Wildlife photographer of the year
This is the case of the Bornean snub-nosed monkey, whose image did not win the Best Wildlife Photographer Award, but did win the Best Animal Portrait Award. Its author is the Danish zoologist Mogens Trolle, who managed to capture the primate also in a very peaceful gesture, while sunbathing in the state of Sabah.
Family images are a beautiful picture to photograph. For this reason, the Mammals category also immortalizes one of these snapshots, this time starring a group of Pallas’ cats. These felines, typical of Mongolia, can also be found in other areas close to this country, but it is very difficult to see them.
It took many hours of silent observation for these three cubs to come out of their hiding place ready to play, under the watchful eye of their mother. The photo was taken on the Qinghai-Tibet Plateau in northwest China by Shanyuan Li.
Its author, Frank Deschandol, did not have to travel as far as other photographers in the competition. He did it close to home, in Normandy, with seemingly rudimentary methods, but a magnificent result.
Wildlife photography definition
| Norwegian photographer Audun Rikardsen’s image of a layer of dead and dying herring was used as evidence in a court case against a fishing boat owner. (Credit: Audun Rikardsen / Wildlife Photographer of the Year)
| This image of a lioness with bright red blood was taken by British photographer Lara Jackson in Serengeti National Park, Tanzania. (Credit: Lara Jackson / Wildlife Photographer of the Year)
| Sri Lankan and Australian photographer Buddhilini de Soyza feared these male cheetahs might not make it out of a flooded river in Masai Mara, Kenya. (Credit: Buddhilini de Soyza / Wildlife Photographer of the Year)
| An Apollo butterfly lands on a buckeye daisy in the Haut-Jura Regional Natural Park in eastern France, photographed by French photographer Emelin Dupieux. (Credit: Emelin Dupieux / Wildlife Photographer of the Year)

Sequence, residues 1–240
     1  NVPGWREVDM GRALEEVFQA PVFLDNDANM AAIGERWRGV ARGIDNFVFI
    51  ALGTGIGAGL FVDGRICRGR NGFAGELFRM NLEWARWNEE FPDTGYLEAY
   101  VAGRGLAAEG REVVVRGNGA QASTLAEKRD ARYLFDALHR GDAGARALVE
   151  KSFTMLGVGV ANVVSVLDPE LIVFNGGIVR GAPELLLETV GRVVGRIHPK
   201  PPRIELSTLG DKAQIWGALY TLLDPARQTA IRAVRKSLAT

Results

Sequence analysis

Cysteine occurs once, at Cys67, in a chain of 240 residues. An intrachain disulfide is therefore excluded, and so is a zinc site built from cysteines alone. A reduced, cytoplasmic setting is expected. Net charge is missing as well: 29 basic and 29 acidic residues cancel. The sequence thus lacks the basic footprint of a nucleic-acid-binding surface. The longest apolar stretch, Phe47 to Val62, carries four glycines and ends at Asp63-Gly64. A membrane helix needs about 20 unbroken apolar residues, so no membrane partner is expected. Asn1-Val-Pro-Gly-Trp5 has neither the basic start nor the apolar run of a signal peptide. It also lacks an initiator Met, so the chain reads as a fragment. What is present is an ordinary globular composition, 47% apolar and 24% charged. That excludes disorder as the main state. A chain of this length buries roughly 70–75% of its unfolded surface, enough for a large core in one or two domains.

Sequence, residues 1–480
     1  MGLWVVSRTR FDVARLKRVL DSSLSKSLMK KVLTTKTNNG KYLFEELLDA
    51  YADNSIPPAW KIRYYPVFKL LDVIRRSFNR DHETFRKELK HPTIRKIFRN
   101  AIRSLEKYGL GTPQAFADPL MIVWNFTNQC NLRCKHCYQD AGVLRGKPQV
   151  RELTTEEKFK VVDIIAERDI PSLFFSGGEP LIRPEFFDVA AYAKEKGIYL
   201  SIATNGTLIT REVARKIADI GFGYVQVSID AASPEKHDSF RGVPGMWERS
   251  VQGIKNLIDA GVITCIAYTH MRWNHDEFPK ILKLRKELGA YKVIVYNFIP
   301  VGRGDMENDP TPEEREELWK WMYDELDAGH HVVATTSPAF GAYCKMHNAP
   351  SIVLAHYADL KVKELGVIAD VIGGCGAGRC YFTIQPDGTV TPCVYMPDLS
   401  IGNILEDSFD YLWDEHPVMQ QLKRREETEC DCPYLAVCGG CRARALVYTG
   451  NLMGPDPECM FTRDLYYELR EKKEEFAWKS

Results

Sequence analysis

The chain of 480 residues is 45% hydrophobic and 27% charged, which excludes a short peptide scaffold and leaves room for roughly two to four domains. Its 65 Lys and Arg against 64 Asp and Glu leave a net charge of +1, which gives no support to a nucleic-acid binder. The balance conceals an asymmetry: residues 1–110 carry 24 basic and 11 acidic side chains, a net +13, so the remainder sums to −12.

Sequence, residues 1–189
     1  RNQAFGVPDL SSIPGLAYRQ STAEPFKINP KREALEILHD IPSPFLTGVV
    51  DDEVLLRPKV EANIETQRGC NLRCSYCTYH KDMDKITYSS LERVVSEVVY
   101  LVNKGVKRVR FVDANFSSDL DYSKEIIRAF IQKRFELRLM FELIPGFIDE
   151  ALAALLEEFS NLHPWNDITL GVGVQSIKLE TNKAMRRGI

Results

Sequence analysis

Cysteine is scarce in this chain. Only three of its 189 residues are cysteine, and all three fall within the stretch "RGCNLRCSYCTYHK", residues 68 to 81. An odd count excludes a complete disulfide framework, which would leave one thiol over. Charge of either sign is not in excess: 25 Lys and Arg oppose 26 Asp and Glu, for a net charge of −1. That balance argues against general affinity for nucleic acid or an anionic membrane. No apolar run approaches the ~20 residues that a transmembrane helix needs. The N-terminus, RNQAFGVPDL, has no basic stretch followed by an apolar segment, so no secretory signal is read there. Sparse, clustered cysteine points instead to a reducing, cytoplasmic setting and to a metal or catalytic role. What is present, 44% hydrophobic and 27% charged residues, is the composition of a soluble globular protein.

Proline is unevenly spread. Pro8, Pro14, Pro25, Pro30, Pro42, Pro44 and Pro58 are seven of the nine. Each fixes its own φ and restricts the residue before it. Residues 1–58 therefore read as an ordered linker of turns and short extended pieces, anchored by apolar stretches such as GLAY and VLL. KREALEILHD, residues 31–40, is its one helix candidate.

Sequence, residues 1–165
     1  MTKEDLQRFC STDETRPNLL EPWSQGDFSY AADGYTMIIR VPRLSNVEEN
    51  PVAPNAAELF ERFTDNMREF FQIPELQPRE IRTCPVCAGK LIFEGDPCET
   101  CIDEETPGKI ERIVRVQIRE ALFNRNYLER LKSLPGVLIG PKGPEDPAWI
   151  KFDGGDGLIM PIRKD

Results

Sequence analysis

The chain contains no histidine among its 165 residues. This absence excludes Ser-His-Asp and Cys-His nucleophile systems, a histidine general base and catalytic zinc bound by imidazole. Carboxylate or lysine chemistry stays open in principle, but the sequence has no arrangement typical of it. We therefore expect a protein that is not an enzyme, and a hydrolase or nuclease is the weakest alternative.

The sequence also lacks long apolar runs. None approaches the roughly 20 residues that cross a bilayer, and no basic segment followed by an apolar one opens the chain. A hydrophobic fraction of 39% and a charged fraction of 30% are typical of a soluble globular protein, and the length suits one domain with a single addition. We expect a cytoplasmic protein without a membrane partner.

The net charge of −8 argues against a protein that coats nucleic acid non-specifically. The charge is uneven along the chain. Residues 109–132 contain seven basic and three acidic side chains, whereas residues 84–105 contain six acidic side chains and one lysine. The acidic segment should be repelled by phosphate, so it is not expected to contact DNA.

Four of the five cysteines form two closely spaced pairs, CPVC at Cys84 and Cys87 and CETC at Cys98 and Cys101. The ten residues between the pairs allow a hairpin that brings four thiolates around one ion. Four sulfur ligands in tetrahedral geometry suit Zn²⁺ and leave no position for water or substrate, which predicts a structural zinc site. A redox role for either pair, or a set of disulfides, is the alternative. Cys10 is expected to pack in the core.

| Sri Lankan photographer Gagana Mendis Wickramasinghe’s image shows a male parakeet with pink rings feeding three chicks. (Credit: Gagana Mendis Wickramasinghe / Wildlife Photographer of the Year)
The images were shortlisted by the Natural History Museum from more than 49,000 entries from around the world. Voting ends on February 2, 2021, and both the winning and runner-up photographs will be displayed in the popular exhibition at the Natural History Museum through July 4, 2021. You can already vote for your favorites at this link.
Capturing a family portrait of mom, dad and their eight chicks proved tricky for Andrew: “They never got together to meet the 10. Burrowing owlets, or burrowing owlets from Ontario, California, often raise large families, so I knew it wouldn’t be easy” After many days of waiting, and when the male was out of sight of the entire flock, Mom and her brood suddenly turned wide-eyed to look in her direction. It was the first time she had seen them all together. She quickly seized the precious moment and captured this fabulous image.
The worried expression on this dog’s face speaks volumes and is a reminder that elk are large and unpredictable wild animals. Guillermo was photographing a moose on the side of the road at Antelope Flats in Grand Teton National Park, when this big male took an interest in the furry visitor. The driver of the car was unable to move the car before the elk took off. Fortunately, the elk soon lost interest and went on his way after a few minutes.
This edition of the contest received more than 50,000 photographs from photographers from more than 90 countries. The contest, in the adult competition, has 16 categories. While the youth competition has only 3 categories.
Those who are able to capture the exotic beauty of the Wild World through their photos will win a trip to London for the award ceremony, as well as cash prizes of up to €10,000. In addition, their photos will be exhibited in museums and galleries around the world.
“A hind leg of this six-month-old Sumatran tiger cub was so badly damaged by a trap that it had to be amputated. The trap was most likely set by palm oil plantation workers to catch the bushmeat… The cub will spend the rest of its life in a Javan zoo cage”
One of Weddel’s most representative wildlife animals was giving birth on the ice; after a week or two after their calf was born, they ‘took their swimming lessons’. Laurent took advantage of this moment to take this beautiful picture.